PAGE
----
With the Falcons director of personnel Lionel Vital intently watching on, former Notre Dame linebacker Manti Te’o addressed the embarrassing internet hoax at the NFL scouting combine Saturday at Lucas Oil Stadium.
Vital is second in command to general manger Thomas Dimitroff, who said that the team would interview Te’o. The Falcons wanted to see how Te’o handled the interview, which lasted 14 minutes, 24 seconds.
Te’o stated that he wanted to talk about football, but opened up as the interview progressed.
“I’m just very grateful to those who helped me get through that time,” said Te’o, who’s considered one of the top inside linebacker prospects in the draft. “I think it went as smoothly as it could.”
Te’o is projected to be selected in the first round, but doesn’t know if the girl friend hoax will hurt his draft status. He’s already interviewed with Houston and Green Bay.
“They all just wanted to hear from me what the truth was,” Te’o said. “They haven’t really said anything about it affecting me (in the draft). Some teams just start and briefly talk about it for 30 seconds and the next 14 minutes is just all plays and getting down to business.”
Since it was a man that was behind the hoax, some contend that Te’o could have a rough time blending into some NFL locker rooms.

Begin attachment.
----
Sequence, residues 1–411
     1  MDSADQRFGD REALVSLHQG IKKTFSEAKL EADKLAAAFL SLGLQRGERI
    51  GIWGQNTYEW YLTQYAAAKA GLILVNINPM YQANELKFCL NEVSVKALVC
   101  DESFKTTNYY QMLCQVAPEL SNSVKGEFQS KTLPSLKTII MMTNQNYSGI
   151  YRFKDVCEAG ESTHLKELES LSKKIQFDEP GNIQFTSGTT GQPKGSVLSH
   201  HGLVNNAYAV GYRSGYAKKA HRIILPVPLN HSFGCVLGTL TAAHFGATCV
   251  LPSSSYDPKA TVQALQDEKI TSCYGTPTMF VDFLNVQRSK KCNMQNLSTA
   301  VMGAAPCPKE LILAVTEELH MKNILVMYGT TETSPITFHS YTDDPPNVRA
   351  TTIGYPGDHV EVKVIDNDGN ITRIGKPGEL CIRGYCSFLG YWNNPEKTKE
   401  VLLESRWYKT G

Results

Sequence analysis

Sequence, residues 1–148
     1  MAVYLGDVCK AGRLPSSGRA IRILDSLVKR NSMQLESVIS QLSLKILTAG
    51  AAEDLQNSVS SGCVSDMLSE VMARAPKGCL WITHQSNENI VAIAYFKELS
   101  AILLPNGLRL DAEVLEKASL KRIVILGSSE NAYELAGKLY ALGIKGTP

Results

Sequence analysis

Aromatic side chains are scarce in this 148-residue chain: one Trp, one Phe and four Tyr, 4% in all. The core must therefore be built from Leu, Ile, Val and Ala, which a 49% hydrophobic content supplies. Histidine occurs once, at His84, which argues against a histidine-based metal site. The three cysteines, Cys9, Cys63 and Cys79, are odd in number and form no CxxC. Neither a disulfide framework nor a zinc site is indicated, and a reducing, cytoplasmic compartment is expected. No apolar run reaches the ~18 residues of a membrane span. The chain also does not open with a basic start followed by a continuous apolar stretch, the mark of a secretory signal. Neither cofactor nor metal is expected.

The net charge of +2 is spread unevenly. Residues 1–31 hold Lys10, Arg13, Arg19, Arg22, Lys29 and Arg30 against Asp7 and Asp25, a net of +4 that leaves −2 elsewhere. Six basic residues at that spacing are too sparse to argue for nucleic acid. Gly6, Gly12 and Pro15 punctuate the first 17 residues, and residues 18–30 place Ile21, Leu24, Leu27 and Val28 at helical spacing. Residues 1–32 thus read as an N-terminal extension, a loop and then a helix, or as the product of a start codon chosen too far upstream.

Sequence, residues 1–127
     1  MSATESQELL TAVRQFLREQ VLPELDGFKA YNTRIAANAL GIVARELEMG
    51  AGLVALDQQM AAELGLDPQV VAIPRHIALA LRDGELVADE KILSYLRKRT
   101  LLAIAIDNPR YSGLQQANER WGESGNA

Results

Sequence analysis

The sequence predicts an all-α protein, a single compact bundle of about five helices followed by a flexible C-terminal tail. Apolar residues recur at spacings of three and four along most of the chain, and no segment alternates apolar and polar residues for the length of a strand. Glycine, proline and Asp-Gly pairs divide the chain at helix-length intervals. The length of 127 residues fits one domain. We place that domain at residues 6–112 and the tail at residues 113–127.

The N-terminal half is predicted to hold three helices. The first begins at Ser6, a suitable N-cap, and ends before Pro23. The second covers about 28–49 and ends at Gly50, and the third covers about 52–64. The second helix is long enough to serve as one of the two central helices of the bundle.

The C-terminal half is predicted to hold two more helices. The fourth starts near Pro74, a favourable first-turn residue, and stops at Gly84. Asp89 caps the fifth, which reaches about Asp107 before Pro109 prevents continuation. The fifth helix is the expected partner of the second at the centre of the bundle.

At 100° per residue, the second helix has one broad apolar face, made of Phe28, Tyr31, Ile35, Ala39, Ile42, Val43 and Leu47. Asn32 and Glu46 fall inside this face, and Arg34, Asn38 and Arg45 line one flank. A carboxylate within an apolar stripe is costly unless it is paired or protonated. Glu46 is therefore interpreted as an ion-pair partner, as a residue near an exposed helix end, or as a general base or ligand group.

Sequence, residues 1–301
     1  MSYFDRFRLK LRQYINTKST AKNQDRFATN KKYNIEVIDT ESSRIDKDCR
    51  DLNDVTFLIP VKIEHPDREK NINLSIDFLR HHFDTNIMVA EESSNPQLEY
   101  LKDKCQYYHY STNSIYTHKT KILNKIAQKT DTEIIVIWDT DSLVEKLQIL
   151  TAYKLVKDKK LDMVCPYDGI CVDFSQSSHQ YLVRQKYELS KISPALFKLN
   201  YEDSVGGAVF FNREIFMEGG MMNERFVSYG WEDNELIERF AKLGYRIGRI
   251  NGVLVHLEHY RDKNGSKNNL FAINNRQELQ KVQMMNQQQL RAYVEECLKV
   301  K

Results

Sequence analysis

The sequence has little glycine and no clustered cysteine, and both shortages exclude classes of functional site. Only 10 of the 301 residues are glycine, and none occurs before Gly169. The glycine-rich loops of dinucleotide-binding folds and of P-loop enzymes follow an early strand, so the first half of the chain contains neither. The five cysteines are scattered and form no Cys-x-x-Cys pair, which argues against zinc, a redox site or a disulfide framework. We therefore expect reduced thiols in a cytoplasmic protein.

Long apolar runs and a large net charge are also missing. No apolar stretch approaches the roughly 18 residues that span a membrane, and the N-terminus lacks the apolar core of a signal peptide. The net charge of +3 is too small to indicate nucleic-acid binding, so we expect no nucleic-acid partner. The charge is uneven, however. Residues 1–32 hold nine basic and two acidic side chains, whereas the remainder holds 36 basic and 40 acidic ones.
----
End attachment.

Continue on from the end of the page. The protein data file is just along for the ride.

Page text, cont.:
“I think I’ve learned the difference between things I can control and things I can’t control,” Te’o said. “Whatever team I go to, I’m just going to be me and I’m going to work hard. I’ll just do my best to help the team win.”
Te’o didn’t wilt under crush of the large media gathering.
“I’ve been in front of a few cameras before, but nothing like this,” Te’o said.
Seeing his last name in the news in a negative light had a major impression on Te’o, a native of Hawaii.
“You treasure your last name,” Te’o said. “When we pass on, the only thing that stays here is your last name. Just to see my last name out there and know that it represented by family and cousins was tough.”
He knew that the NFL teams would want to know more details about the hoax.
“I understand the questions, but I think I’ve answered everything that I could,” Te’o said. “I really would like to talk about football. … I could have done some things differently, obviously. There were a lot of things that were not very good.
“Definitely, it was embarrassing. I guess it’s part of the process and part of the journey. It is something that is going to make me stronger.”
Teams have done their own investigations into the situation and other social media platforms. Minnesota general manager Rick Spielman noted that they know how many times players have tweeted on
“They want to be able to trust their player,” Te’o said. “You don’t want to invest in somebody who you can’t trust. Everybody here, I know they are just trying to get to know me as a person and as a football player. I understand where they are coming from.”
On the field, Te’o said his inspiration is former Baltimore linebacker Ray Lewis.
“I’ve grown up watching Ray Lewis,” Te’o said. “Just watching his intensity and his passion for the game, his love for the game and his work ethic; he had everything in a linebacker that you want.”